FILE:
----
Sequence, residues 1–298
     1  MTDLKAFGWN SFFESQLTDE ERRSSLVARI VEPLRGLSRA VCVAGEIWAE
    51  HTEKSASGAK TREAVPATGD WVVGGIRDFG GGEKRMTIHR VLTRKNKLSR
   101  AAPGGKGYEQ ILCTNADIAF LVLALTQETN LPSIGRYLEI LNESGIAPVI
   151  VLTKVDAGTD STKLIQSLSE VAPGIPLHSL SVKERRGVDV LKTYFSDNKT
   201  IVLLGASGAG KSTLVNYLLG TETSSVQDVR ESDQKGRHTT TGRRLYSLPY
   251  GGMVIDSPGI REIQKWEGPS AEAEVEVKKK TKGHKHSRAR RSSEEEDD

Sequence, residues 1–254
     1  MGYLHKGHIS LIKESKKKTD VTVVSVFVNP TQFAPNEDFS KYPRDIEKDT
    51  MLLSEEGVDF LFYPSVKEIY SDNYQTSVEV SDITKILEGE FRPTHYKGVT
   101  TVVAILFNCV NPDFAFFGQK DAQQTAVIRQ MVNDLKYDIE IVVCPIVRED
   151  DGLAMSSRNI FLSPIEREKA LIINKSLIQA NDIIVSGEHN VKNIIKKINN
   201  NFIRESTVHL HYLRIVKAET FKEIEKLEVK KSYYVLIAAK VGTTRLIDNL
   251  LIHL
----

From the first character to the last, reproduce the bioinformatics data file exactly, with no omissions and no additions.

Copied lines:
Sequence, residues 1–298
     1  MTDLKAFGWN SFFESQLTDE ERRSSLVARI VEPLRGLSRA VCVAGEIWAE
    51  HTEKSASGAK TREAVPATGD WVVGGIRDFG GGEKRMTIHR VLTRKNKLSR
   101  AAPGGKGYEQ ILCTNADIAF LVLALTQETN LPSIGRYLEI LNESGIAPVI
   151  VLTKVDAGTD STKLIQSLSE VAPGIPLHSL SVKERRGVDV LKTYFSDNKT
   201  IVLLGASGAG KSTLVNYLLG TETSSVQDVR ESDQKGRHTT TGRRLYSLPY
   251  GGMVIDSPGI REIQKWEGPS AEAEVEVKKK TKGHKHSRAR RSSEEEDD

Sequence, residues 1–254
     1  MGYLHKGHIS LIKESKKKTD VTVVSVFVNP TQFAPNEDFS KYPRDIEKDT
    51  MLLSEEGVDF LFYPSVKEIY SDNYQTSVEV SDITKILEGE FRPTHYKGVT
   101  TVVAILFNCV NPDFAFFGQK DAQQTAVIRQ MVNDLKYDIE IVVCPIVRED
   151  DGLAMSSRNI FLSPIEREKA LIINKSLIQA NDIIVSGEHN VKNIIKKINN
   201  NFIRESTVHL HYLRIVKAET FKEIEKLEVK KSYYVLIAAK VGTTRLIDNL
   251  LIHL